Quite unlike the spectacular dudleyas, the liny Mexican genus Urhinia (ur-bin -ee-ah) contains only a handful of modest little plants. All of ihem have thick, sharply pointed leaves held in a close rosette and slender, moderatelv attractive flower spikes, ¡he best-known species is U agavoides, whose smooth, shiny, fat green leaves stand a little erect like its namesake, the agaves. It makes an interesting small potted plant, especially in its freakish cristate form Other good species, though somewhat similar, are U. corderoyi and ihe brown -spotted U. purpusii.

Of far greater value to the collector is the attractive genus Pachyphylum (pa-kif -¡-turn), whose thick, rounded leaves attached to stout, erect stems are perhaps the most exquisitely shaped and colored in the whole Echeveria tribe. These are beautiful plants, with pearl-toned leaves and stunning bell-shaped flowers that are a "must" for any collection. Among the eight or nine species in the genus we might >elect P com-pactum for its short, cylindrical, blue-gray leaves and subtly colored blossoms; or P. bracteosum, with its thick grav-white leaves and bright red spring flowers. But tlie finest of them all is P. oviferum, whose thick, fleshy, egg-shaped leaves are like smooth Moonstones softly flushed with lavender pink, hence its popular name.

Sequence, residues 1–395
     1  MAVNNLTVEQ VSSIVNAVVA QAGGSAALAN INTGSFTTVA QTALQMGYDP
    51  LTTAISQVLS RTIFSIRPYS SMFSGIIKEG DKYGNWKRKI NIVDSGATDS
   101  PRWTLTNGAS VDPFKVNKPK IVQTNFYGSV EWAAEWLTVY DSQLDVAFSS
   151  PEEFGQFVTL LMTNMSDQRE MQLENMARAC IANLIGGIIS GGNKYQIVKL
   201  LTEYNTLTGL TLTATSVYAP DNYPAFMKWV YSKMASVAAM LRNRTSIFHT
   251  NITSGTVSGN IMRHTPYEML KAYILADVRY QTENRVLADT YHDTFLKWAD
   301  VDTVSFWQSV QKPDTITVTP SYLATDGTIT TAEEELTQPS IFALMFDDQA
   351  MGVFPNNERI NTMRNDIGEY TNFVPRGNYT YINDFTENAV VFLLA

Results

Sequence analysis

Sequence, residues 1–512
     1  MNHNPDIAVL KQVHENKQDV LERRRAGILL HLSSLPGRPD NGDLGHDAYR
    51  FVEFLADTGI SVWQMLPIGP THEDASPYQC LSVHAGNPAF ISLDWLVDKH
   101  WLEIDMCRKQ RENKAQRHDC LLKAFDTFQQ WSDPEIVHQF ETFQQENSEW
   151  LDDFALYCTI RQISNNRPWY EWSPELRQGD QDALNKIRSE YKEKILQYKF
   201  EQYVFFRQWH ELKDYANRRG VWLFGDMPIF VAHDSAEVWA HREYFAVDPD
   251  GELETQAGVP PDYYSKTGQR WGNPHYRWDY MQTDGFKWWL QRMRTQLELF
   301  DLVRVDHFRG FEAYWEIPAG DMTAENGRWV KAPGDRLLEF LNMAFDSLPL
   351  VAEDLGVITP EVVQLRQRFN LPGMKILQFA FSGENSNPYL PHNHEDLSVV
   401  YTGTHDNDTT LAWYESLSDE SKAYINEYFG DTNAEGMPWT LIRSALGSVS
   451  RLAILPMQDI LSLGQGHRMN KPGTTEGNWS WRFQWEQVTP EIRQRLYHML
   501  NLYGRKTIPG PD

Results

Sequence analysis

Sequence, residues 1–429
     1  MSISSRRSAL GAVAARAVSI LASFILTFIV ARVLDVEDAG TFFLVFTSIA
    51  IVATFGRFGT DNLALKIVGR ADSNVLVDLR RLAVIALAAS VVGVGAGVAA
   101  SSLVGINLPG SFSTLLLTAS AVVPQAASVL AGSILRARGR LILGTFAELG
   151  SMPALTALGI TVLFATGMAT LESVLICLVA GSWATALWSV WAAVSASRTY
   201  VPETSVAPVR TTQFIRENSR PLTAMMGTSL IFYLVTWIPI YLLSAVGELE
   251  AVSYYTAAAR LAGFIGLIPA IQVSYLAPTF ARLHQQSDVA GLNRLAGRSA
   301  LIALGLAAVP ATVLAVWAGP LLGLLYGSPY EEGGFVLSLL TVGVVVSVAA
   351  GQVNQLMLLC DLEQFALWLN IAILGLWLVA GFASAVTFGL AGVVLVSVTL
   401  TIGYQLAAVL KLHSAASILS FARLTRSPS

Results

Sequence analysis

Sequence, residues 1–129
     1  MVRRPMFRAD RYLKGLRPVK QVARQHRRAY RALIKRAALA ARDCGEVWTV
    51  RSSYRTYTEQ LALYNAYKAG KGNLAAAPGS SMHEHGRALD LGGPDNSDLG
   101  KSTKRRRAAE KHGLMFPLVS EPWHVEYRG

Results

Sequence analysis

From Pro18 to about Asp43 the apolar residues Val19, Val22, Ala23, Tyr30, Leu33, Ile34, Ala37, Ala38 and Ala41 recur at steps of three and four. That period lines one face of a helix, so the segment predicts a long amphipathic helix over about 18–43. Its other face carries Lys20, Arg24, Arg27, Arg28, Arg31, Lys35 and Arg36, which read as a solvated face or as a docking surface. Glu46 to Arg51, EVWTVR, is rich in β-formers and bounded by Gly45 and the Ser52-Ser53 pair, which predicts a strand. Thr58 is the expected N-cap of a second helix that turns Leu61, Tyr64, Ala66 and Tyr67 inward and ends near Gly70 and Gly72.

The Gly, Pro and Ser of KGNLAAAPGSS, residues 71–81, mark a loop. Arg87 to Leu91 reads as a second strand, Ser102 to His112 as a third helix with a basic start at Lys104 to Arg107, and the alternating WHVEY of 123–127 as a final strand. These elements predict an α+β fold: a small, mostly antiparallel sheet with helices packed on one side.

It is not surprising that hybridists have tried to extend the rare colors and forms of these pachyphyturns to other members of the tribe. To this end they have crossed the echcver-ias with the pachyphytums to produce a race of hybrids called Pachyveria (pak-i-vee'-ree-ah). These are ail very popular plants because they partake something oi both their parents. Here the rosette form of the echeverias and the plump, richly colored leaves of the pachyphytums are combined in such hybrids as Pachyveria glauca, whose thick rosettes arc powdered and mottled blue gray; P. scheideckeri, with fine whitish-green roseues; and that wonderful crested variety, P. c lav ifolia cristata.

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